Pros: A cozy, nostalgic revival of a 1953 musical that glitters with a fierce American idealism that has faded in the 60 years since the show’s opening.
Cons: You really feel those 60 years.
Does that great American Dream still exist? Certainly to Ruth and Eileen Sherwood, a pair of sisters from backwater town Columbus, Ohio, who are drawn to the lights and life of 1930s New York City. Eileen (Francesca Benton-Stace) is ‘the pretty one’, an aspiring actress who leaves men falling over each other in her wake; Ruth (a very sweet, suitably awkward Lizzie Wofford) is an aspiring writer who reels off stories, but can never seem to reel in a man.
Wonderful Town is set in 1935 – just as the United States came stumbling out of the Great Depression – but was first staged in 1953, long enough to recover from the shock of World War II and just as the country was disentangling itself from the Korean War. There’s an upbeat optimism that cuts through the musical as a result, a sense of light at the end of the tunnel, and that all’s well that ends well. This is what the very committed All Star Productions cast captures best, that jazzy sense of verve and the sparkle of life in a city that can feel chaotic and unwelcoming. Audience members might be stuffed shoulder to shoulder in a small upstairs theatre space, with a stripped-down set of newspaper clippings as a backdrop, but that lends to the rough-and-ready city feel – channelling a bit of that enforced intimacy on the New York subway.
Despite the shabby shoebox apartment, the failed job searches, the leering suitors and a general lack of money, Ruth and Eileen roll up their sleeves and attempt to make good in the big city. And New York is never without its gritty charm with its parade of character types, from the naive jock next door to the foxy former tenant to the scheming landlord. It’s a story not unfamiliar to the millions who have, like the Sherwood sisters, journeyed to city centres around the world in search of a better life, but who may find that sense of charm somewhat diminished in our contemporary world.
Wonderful Town showcases a white, white America, and the only ‘foreigners’ to appear – a conga line of gleeful Brazilian sailors – are portrayed as a simple-minded herd of toddlers; it seems that an inability to speak English was, in the 1950s, confused with stupidity. It was also a time when men in power could get away with just about anything, starting with one too many inappropriate fondles (mostly of Eileen). These issues still have a resonance today, with a global migrant crisis on our doorstep and renewed efforts to combat sexual assault and promote gender equality. However, the musical skips lightly ahead and doesn’t look back, making it more of a fading snapshot of history than a reinvigorating reminder from the past.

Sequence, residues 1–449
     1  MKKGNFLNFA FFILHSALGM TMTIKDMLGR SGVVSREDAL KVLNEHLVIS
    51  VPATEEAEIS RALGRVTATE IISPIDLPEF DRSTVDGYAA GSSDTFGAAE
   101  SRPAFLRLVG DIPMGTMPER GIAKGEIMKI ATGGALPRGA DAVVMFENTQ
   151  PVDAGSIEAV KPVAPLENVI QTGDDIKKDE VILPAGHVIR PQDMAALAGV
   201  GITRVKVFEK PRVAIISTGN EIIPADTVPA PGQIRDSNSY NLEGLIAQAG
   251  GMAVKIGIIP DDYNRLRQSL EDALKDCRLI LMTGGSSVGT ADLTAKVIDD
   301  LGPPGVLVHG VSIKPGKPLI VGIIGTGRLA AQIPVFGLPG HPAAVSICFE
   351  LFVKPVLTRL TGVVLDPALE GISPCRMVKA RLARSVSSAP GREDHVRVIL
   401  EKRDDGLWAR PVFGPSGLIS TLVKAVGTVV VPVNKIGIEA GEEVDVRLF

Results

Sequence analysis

Not that one could fault this endearing ensemble for trying. They are a veritable explosion of energy and affection, vaulting over hammy moments with their sheer likeability. Together, they make New York City its own character in the production, with its distinctive long-vowelled accent and its unceasing rhythm – admirably, the pace never flags throughout the 2.5-hour show.
Wonderful Town is all bright lights and infectious buoyancy, a symbol of a time where darkness and cynicism hadn’t yet crept into the American city musical (think Stephen Sondheim’s Company or John Kander’s Chicago). As an arrival city, New York has become markedly more complex and diverse in its makeup over the years, but New Yorkers will probably agree with the heart of the musical: it’s still a wonderful town.
Authors: Joseph Fields and Jerome Chodorov, based on the play My Sister Eileen by Joseph Fields and Jerome Chodorov and The Short Stories by Ruth McKenney
Composer: Leonard Bernstein
Lyricists: Betty Comden and Adolph Green
Director and Musical Stager: Tim McArthur
Musical Director: Aaron Clingham
Choreographer: Ian Pyle
Producer: Andrew Yon
Box Office: 020 8520 8674
Booking Link: http://www.yeolderoseandcrowntheatrepub.co.uk/index.php/events/wonderful-town/
Booking Until: 30 October 2016